Don't Force Togetherness

 

Build a team culture where direct reports can bond without feeling like you’re forcing togetherness.

A strong team culture can give you and your direct reports something to bond over, sending any potentially divisive biases into the background. Plus, these things may boost everyone’s happiness at work.

To build team culture, try giving your team something that signals “we’re one team” — a team nickname, shirts, mascot, or motto. Encourage the group to develop a common language — not just acronyms and jargon common to your work, but also inside jokes and phrases that describe the team’s successes and challenges (say your team crushes a goal, hitting 123 percent of your target, you might refer to the achievement as “easy as 1-2-3”). And set up team events like lunches or volunteer work around a shared cause.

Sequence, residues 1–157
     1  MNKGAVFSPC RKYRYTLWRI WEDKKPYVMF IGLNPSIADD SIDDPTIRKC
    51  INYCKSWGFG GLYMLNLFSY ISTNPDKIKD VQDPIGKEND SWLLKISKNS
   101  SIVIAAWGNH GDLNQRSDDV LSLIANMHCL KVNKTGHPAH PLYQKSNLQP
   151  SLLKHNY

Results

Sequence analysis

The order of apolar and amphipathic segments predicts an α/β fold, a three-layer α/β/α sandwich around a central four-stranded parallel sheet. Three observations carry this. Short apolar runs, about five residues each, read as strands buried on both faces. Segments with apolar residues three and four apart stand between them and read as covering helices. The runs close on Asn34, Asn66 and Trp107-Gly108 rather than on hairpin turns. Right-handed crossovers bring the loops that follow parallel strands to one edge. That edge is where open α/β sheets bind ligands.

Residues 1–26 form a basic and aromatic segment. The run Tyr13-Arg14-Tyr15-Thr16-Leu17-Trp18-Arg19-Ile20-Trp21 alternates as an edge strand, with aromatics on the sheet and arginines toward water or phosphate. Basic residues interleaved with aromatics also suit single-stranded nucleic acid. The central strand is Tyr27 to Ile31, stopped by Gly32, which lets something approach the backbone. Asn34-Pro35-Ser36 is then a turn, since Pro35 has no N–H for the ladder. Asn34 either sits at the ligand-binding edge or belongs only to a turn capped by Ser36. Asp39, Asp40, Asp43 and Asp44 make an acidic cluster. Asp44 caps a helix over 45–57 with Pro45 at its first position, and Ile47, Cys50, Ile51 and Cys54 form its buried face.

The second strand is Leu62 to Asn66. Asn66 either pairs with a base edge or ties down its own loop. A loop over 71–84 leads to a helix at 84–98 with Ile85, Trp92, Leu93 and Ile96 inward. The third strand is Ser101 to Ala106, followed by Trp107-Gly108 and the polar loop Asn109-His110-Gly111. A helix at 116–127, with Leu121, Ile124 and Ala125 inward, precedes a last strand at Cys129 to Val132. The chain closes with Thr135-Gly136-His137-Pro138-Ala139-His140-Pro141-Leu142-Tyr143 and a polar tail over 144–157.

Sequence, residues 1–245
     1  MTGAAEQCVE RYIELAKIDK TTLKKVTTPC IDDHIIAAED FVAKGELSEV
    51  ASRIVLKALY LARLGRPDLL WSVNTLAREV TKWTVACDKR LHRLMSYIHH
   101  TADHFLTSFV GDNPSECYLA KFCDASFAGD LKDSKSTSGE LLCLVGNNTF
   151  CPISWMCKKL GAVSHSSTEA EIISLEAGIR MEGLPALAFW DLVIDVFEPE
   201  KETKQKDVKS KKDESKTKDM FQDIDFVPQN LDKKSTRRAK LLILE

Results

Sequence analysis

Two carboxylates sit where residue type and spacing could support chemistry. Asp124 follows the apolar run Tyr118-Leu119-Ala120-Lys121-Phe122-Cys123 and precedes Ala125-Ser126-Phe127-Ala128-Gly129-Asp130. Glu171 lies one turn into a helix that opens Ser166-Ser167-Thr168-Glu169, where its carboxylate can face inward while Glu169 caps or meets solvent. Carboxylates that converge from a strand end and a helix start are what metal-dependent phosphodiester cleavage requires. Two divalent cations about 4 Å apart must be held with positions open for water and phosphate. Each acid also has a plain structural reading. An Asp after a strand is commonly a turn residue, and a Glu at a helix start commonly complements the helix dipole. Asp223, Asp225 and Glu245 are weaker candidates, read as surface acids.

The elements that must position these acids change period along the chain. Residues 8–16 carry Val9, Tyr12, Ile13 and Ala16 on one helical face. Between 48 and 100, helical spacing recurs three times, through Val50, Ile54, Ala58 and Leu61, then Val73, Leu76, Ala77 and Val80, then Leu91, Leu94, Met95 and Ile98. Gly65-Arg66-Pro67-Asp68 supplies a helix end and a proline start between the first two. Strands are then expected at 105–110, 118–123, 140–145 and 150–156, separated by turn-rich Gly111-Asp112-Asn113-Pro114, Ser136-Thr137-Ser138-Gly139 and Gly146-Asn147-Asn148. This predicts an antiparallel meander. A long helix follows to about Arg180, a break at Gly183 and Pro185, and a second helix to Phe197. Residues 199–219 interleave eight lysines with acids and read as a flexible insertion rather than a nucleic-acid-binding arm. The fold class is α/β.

At the same time, be careful not to put pressure on holdouts or newcomers to join in. Some people love team chants, while others outright refuse — smart leaders make room for varied levels of participation. Also, invite newcomers to add new quirks or activities to the team’s culture, and be upfront with the team about the fact that team culture tends to change over time — a healthy and natural thing.

________________

Unconscious biases are hard to identify, much less know their true impact. Before you can take steps to operate more fairly and effectively at work, you need to get your bearings. Download our latest guide: Seven Misconceptions About Unconscious Bias. 

Previous Article
Stay Sharp
Stay Sharp

Research suggests that people’s biases are more likely to take over when they don’t have the time or mental...

Next Article
Deepen Your Understanding
Deepen Your Understanding

Ask colleagues questions that deepen your understanding of them as people.